Once a property’s construction is completed, the community association and developers need to execute a seamless transfer of ownership and control. During the conversion period, conducting a transition study will help ensure that the premises are well constructed before the association takes over the property.
A transition study in New Jersey determines if the property is appropriately built and in accordance with design drawings. Also, the engineers hired for the study will inspect the entirety of the premises to find possible flaws from poor craftsmanship or design deficiencies. The report will also involve repair costs to address the damage found in the property.
Having a transition study will also ensure that the property abides by the state’s building codes and other regulations. It is vital that the transition study is adequately done with the help of top-notch structural engineers in New Jersey.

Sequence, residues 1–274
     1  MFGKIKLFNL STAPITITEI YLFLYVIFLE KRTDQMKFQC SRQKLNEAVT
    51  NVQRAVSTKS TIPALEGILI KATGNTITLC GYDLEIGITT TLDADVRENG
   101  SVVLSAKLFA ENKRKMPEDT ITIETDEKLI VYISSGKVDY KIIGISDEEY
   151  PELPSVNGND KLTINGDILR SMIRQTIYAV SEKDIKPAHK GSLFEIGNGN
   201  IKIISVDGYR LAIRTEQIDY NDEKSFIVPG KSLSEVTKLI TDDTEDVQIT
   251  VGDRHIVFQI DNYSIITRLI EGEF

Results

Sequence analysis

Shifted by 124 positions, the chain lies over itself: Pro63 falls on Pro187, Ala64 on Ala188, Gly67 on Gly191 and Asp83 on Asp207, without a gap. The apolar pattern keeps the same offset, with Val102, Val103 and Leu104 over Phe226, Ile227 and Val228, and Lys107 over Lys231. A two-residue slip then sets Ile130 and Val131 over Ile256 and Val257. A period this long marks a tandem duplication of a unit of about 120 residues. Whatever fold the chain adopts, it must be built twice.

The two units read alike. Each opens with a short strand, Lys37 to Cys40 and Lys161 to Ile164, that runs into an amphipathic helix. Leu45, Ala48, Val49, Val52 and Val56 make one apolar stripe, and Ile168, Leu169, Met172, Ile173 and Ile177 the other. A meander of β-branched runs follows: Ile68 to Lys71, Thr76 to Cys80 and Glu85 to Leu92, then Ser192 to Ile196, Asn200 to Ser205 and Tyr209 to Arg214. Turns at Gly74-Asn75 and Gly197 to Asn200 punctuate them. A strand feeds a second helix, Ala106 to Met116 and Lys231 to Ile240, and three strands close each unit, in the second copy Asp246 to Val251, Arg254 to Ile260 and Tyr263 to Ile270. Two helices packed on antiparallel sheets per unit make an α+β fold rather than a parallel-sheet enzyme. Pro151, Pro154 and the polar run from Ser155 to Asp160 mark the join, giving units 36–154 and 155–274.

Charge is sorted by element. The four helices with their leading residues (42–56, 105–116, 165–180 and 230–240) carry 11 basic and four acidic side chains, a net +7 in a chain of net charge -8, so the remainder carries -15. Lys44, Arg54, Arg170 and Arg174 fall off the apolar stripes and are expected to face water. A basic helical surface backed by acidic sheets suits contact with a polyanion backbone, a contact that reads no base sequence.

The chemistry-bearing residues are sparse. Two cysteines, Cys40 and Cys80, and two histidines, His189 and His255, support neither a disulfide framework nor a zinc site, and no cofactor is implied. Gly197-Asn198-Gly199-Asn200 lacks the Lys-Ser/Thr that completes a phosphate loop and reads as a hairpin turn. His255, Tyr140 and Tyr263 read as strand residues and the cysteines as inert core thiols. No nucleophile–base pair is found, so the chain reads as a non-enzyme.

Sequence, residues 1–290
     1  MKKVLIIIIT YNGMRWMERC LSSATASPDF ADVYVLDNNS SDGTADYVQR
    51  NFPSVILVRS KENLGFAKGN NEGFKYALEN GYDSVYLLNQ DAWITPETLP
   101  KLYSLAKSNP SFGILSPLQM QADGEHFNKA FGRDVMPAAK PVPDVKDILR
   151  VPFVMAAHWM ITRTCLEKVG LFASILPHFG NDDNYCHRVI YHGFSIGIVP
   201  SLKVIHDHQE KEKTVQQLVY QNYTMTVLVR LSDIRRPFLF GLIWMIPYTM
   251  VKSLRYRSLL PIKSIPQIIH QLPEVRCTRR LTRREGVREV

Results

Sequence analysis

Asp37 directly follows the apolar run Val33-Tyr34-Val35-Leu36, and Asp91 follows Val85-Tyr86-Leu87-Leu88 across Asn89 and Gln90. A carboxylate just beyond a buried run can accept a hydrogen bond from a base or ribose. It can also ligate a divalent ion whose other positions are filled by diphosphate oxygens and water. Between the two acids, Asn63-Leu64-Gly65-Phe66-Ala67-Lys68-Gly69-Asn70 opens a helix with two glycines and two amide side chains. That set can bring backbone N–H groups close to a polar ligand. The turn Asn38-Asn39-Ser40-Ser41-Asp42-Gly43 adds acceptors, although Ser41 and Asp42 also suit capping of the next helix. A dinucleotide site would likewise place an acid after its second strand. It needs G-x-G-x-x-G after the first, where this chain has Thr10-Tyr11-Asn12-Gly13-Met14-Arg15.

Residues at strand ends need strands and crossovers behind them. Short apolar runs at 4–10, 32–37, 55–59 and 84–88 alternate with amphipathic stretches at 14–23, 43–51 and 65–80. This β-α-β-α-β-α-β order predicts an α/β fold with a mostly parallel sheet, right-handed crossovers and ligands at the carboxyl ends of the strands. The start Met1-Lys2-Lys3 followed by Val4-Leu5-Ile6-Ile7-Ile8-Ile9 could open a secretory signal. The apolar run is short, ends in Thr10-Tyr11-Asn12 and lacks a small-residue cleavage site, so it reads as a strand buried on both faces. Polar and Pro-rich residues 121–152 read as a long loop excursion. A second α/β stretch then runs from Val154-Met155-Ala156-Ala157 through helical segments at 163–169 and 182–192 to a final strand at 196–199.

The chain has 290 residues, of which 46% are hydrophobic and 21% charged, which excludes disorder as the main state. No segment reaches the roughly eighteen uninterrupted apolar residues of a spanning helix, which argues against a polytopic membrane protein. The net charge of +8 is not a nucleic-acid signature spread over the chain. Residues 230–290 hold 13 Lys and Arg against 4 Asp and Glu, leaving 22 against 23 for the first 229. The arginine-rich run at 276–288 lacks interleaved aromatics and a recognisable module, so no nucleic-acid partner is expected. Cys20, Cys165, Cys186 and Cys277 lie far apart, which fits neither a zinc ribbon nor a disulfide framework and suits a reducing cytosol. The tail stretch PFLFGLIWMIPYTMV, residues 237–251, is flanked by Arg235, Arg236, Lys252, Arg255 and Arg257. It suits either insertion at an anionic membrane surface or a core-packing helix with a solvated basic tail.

Both the association and developers should avoid the following mistakes to ensure that the transition study is properly executed.
The developers should not fail to coordinate with key stakeholders as it might lead to significant challenges that might affect the transition period. Effective communication between all parties involved will allow developers to resolve issues and avoid confrontation with the homeowners. Apart from that, the involvement of the homeowners during the study can help identify possible problems that developers can address immediately.
The community association should also avoid ordering the transition study too late. The procedure should be held towards the completion of the construction. This can help address the found issues immediately and prevent community associations from shouldering expenses for repairs that should be the developer’s responsibility.
These are just some of the crucial mistakes that might happen when ordering a transition study. To know more about other errors community associations should avoid during the transition study, check this infographic from Lockatong Engineering.